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I should clarify that the list provided in my link to the OAWG site, is not comprehensive. For instance, Sunken Road Cemetery at Contalmaison, which contains 60 AIF burials and memorial headstones, is a notable omission.

Peter is correct in identifying that the list only mentions cemeteries with over 200 Australian burials. It should also be noted that the list goes beyond the Somme region.

Of course, if the original question is treated literally, then one should also include cemeteries outside of France which contain those AIF men who died from wounds received in the 1916 Somme battles. It goes on and on.

Ceebee,

Thanks for your repy. Having looked at the link you provided, most of the larger cemtries listed post date the actions around Poziers by months, I have always wondered why Australian casulaties from Jul Aug '16 were in so many different cemeteries.

regards

gerb

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Perhaps my question should have been more specific. Considering the importance and size of the Australian sacrifice in the Pozieres area, why were Australian casualties not concentrated or another take on the same question, why were Australian casualties dispersed into so many graveyards, when they all occurred in a relatively small area?

PS thanks for the replies to date

gerb

Australians would have been buried in the same way as all other troops who lost their lives in the fighting. There was no policy of burying different nationalities in their own cemeteries. Are you suggesting that Australians were deliberately spread around or that their dead were treated in some special way because they were Australian?

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Australians would have been buried in the same way as all other troops who lost their lives in the fighting. There was no policy of burying different nationalities in their own cemeteries. Are you suggesting that Australians were deliberately spread around or that their dead were treated in some special way because they were Australian?

truthergw,

Thanks for the reply, I have no agenda with this thread, am I am not making any suggestion about how the Australian or any other nationality were treated, but considering the number of Australian casualties over such a relatively short period of time, in such a small area, it would not be unreasonable to find a large number in a particular cemetery. As this is not the case, and there is such a large cemetery in Pozieres, I beleive it is reasonable to question why.

regards

gerb

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gerb

AIF casualties for July and August 1916 can be found in a number of the cemeteries listed in my link. See for instance Courcellette, Flers, Heilly Station, Serre Road No. 2 and Pozieres British Cemetery. I also mentioned Sunken Road Cemetery Contalmaison, which has a high proportion of AIF burials for these months.

It would be interesting to plot the cemeteries over a map of the area in which the AIF operated in the period to see relationships. This might help with your questions. You also need to take into account the high number of men who have no grave and are commemorated on the Villers-Bretonneux Memorial.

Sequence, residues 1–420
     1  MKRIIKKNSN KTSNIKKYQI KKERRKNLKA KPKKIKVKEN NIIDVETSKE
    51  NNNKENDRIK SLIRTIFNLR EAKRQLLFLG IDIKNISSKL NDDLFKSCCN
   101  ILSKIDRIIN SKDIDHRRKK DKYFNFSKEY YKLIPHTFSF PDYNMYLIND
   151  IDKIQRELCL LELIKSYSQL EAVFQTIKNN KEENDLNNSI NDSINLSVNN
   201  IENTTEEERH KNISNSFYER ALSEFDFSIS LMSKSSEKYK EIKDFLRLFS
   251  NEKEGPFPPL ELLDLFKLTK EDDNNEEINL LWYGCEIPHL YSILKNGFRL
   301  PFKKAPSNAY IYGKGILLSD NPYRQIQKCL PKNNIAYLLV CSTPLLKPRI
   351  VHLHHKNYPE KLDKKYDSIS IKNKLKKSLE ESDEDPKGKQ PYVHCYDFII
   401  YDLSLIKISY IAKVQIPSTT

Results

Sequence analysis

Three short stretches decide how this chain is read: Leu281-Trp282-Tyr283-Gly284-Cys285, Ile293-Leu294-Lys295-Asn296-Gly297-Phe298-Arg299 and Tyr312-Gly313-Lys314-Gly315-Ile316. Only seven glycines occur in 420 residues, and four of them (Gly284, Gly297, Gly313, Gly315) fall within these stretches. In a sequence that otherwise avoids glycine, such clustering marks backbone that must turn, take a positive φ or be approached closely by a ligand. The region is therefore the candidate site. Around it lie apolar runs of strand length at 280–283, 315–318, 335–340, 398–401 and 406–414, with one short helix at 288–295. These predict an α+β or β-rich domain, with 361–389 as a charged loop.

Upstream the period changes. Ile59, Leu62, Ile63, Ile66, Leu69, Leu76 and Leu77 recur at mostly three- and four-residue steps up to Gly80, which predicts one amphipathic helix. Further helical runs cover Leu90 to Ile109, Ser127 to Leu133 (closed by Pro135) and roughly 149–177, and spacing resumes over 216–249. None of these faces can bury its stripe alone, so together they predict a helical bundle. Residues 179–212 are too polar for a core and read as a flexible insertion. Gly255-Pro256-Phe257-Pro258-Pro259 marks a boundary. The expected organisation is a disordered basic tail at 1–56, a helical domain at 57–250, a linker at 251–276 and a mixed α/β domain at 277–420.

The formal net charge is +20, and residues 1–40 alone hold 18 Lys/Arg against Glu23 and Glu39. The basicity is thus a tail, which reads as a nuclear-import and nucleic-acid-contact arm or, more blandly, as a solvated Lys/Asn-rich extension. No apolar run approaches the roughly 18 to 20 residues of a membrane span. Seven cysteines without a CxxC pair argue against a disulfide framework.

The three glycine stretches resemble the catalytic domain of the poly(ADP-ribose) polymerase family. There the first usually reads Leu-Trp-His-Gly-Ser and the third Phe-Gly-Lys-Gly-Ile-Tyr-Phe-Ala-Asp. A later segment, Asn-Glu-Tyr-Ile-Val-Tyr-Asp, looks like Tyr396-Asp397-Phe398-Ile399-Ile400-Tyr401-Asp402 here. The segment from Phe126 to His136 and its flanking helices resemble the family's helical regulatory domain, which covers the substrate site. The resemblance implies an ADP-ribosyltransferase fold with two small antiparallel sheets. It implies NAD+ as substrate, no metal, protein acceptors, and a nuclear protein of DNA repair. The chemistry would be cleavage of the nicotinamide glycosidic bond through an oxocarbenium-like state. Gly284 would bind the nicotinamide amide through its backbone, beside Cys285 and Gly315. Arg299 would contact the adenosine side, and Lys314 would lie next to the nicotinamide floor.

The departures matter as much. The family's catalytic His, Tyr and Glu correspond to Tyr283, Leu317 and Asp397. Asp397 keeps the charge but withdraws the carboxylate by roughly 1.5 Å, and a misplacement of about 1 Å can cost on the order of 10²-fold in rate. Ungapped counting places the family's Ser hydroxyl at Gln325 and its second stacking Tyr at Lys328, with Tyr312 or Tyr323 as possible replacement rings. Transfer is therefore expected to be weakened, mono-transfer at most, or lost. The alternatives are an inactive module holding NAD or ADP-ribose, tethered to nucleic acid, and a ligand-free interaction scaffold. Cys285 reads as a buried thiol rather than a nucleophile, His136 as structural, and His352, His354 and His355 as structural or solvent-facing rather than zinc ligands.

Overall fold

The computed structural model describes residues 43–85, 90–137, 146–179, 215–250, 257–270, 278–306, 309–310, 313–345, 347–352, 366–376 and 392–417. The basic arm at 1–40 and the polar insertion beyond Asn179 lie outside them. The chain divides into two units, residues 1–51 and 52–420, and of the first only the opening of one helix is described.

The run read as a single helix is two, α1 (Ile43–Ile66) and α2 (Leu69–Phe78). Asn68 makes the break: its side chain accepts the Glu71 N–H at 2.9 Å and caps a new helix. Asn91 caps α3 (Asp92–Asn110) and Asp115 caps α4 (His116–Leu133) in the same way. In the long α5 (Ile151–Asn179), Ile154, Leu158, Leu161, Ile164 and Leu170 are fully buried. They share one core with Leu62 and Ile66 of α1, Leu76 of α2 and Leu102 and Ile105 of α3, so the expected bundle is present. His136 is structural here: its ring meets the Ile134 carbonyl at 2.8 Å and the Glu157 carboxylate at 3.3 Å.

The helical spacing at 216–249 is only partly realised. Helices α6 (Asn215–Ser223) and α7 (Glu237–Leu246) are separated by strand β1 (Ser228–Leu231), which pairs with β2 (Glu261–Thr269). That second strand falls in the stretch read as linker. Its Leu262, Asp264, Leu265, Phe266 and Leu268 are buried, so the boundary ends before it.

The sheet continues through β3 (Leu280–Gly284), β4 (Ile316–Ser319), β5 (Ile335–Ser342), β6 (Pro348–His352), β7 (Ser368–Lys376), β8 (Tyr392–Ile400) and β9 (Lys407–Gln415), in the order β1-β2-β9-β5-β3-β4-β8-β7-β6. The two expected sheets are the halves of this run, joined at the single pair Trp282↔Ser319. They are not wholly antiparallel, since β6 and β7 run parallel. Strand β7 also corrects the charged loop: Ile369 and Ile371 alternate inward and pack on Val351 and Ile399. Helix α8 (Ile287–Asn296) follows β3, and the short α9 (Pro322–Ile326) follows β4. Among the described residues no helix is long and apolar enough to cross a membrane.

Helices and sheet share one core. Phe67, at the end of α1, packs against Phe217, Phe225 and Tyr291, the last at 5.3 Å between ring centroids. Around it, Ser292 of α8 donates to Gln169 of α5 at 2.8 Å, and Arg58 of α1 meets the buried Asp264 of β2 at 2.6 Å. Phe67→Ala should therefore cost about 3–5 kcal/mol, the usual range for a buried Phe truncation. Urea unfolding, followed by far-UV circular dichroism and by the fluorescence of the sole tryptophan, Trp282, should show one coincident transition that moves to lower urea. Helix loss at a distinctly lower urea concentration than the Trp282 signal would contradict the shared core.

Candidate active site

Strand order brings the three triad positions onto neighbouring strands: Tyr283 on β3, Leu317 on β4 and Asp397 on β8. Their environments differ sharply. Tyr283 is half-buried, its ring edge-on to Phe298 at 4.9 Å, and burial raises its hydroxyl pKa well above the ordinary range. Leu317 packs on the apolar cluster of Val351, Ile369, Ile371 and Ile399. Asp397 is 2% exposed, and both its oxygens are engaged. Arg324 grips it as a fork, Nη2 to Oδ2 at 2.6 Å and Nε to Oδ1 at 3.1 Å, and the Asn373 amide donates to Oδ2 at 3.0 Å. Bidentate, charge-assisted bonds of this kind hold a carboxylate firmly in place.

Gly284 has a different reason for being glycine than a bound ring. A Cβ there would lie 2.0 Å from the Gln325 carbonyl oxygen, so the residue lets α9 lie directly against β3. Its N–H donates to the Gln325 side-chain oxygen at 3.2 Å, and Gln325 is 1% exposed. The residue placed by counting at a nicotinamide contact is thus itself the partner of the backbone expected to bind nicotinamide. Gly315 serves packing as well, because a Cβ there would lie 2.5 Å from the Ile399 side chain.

Regards

Chris

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Hi gerb,

The stats regularly used about the early AIF fighting in France are generally 'the Australians lost almost as many men in six weeks at Pozieres as they did in eight months at Gallipoli', or 'the Australians lost more men in their first two battles in France (Fromelles and Pozieres) as they did in eight months at Gallipoli'.

In answer to your question about why the Aussies are so spread out, there is no simple one.

The Pozieres fighting occured over six weeks and involved tens of thousands of men, all split into different units. It was also part of the much larger Battle of the Somme, which involved hundreds of thousands of troops. There were often considerable differences about how the dead and wounded were dealt with between different units and different actions, so that alone will begin to explain why the graves are spread between different cemeteries. For example, in late July the 1st Division may have allocated XYZ location for the burial of dead, whereas the 4th Division on August 11 may have allocated an area many kilometres away. In addition, many men would be buried in the field, near to where they fell, or died of wounds at a range of CCSs or RAPs behind the line. At any given stage in the fighting, men who had been wounded (and would later die of their wounds) would be spread all the way from the front line at Pozieres back to England.

Probably the biggest factor though is the fact that most of the bodies were allocated to cemeteries after the Armistice. Huge numbers of these were found individually or in small groups on the former battlefield, many were in small battlefield cemeteries that were closed, a large number of bodies had not been buried at all and were gathered together and reburied, etc, etc. The point is, with so many bodies to deal with over such a large area, it would be almost impossible (and not worth the effort) to collect all the Australians in one place. Additionally, each grave unit that cleared a specific area would be operating under its own instructions - all bodies from area X to be buried in Pozieres British Cemetery, all bodies from area Y to be buried at Gordon Dump, etc.